If your circumstances change and you need to come back onto Universal Credit within six months of your previous claim ending, it is easy to do so through the reclaim function in your online account.
If you are self-employed and claiming tax credits or Housing Benefit, you may be moved onto Universal Credit when it is introduced in your area.
If you are self-employed but also employed, the Department for Communities will make a decision about which activity is your main occupation as part of a ‘gainful self-employment test’.
To count as gainful, your self-employment must be organised, developed and regular, and you must expect to make a profit. It should also be your main job.
You will need to go to a ‘gateway interview’. At the gateway interview, you’ll need to provide evidence of your self-employed activity, for example your business plan, copies of invoices and receipts, or trading accounts from the previous year.
If the Department for Communities decides you are not gainfully self-employed, you’ll need to look for and be available for other work. You will still need to report any earnings from your self-employment so they can be taken into account when calculating your Universal Credit.
Minimum Income Floor
To work out your Universal Credit payments, it is assumed you earn at least the ‘Minimum Income Floor’, even if your actual earnings fall below it.
Your Work Coach will be able to explain how your Minimum Income Floor is calculated.
If you earn more than the Minimum Income Floor you will receive less Universal Credit.
Exemptions from the Minimum Income Floor
If the Minimum Income Floor doesn't apply to you, your Universal Credit payments will be calculated on your actual income rather than your assumed income.
If your business is less than 12 months old, the Minimum Income Floor won’t apply to you for one year. During this time your actual earnings will be taken into account to work out your Universal Credit.
People with a health condition or disability and lone parents
If you’re a self-employed person with a disability or lone parent and in any of the groups listed below, the Minimum Income Floor won’t apply:
- no work-related requirements group
- work-focused interview group
- work preparation group
Your Work Coach will be able to tell you if you are in one of these groups.
Reporting your income
You must report your earnings from self-employment to the Universal Credit Service Centre every month by telephone.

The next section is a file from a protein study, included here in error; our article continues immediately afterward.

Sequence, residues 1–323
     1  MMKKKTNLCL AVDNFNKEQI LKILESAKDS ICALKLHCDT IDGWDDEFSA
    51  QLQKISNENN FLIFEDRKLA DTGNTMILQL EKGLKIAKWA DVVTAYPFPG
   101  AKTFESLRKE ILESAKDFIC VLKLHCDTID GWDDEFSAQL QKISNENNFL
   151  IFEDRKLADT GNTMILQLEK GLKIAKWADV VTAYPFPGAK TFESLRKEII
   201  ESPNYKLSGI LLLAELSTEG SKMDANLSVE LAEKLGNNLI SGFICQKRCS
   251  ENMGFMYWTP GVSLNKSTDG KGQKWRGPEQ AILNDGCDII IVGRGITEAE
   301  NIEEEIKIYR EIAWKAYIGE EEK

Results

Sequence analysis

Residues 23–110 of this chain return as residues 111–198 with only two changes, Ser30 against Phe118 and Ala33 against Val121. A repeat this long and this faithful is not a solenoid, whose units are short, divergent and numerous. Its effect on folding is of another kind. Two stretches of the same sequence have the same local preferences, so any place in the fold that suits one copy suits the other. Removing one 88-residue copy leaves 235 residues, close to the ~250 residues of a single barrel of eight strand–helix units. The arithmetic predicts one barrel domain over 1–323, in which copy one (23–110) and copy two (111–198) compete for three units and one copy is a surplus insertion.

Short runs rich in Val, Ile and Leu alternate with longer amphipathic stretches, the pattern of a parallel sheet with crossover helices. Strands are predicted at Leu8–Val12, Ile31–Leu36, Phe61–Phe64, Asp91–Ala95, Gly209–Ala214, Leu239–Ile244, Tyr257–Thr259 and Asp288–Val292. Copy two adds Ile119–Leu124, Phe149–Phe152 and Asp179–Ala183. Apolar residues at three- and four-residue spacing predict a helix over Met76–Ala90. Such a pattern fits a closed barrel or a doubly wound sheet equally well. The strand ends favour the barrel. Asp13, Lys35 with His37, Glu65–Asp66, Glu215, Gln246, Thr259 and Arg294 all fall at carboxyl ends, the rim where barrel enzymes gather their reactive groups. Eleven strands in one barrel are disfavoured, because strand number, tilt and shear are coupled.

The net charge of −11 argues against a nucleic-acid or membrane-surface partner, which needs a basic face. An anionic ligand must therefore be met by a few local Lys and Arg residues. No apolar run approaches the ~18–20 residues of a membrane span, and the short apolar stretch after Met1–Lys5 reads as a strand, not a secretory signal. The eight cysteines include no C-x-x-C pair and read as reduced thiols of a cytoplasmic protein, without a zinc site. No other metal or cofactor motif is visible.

Find out more about how to calculate your income for Universal Credit at the following page:
If your expenses for a particular month are unusually high, you can’t offset them against your income in future months. This applies even if your expenses for the month are higher than your receipts.
If you’re classed as gainfully self-employed and your business is less than 12 months old you will not have to look for other paid work. However, you will have to go to an interview every three months to prove you are still gainfully self-employed and taking steps to increase your earnings.
Change of circumstances
If you get Universal Credit and your circumstances change, you must report this change through your online account.
Changes can include:
- finding or finishing a job
- having or caring for a child
- a change to your address
- a change to your bank details
- your rent going up or down
- becoming too ill to work or meet your Work Coach
Your Universal Credit may be stopped or reduced if you don’t report changes in your circumstances straight away.
You don’t need to report any changes to your earned income or other benefits.
You will still need to report changes in other income, including:
- private/occupational pension
- Mortgage Payment Protection policy income
- income from annuities
- self-employed income
If you would like independent help and advice on Universal Credit or any of the other welfare changes, you can visit any independent advice office or contact:
A Universal Credit guide is also available.
Help to Save scheme
If you are working and claiming Universal Credit, you may be eligible for the Help to Save scheme. The scheme allows you to build savings for up to four years and receive tax-free bonuses.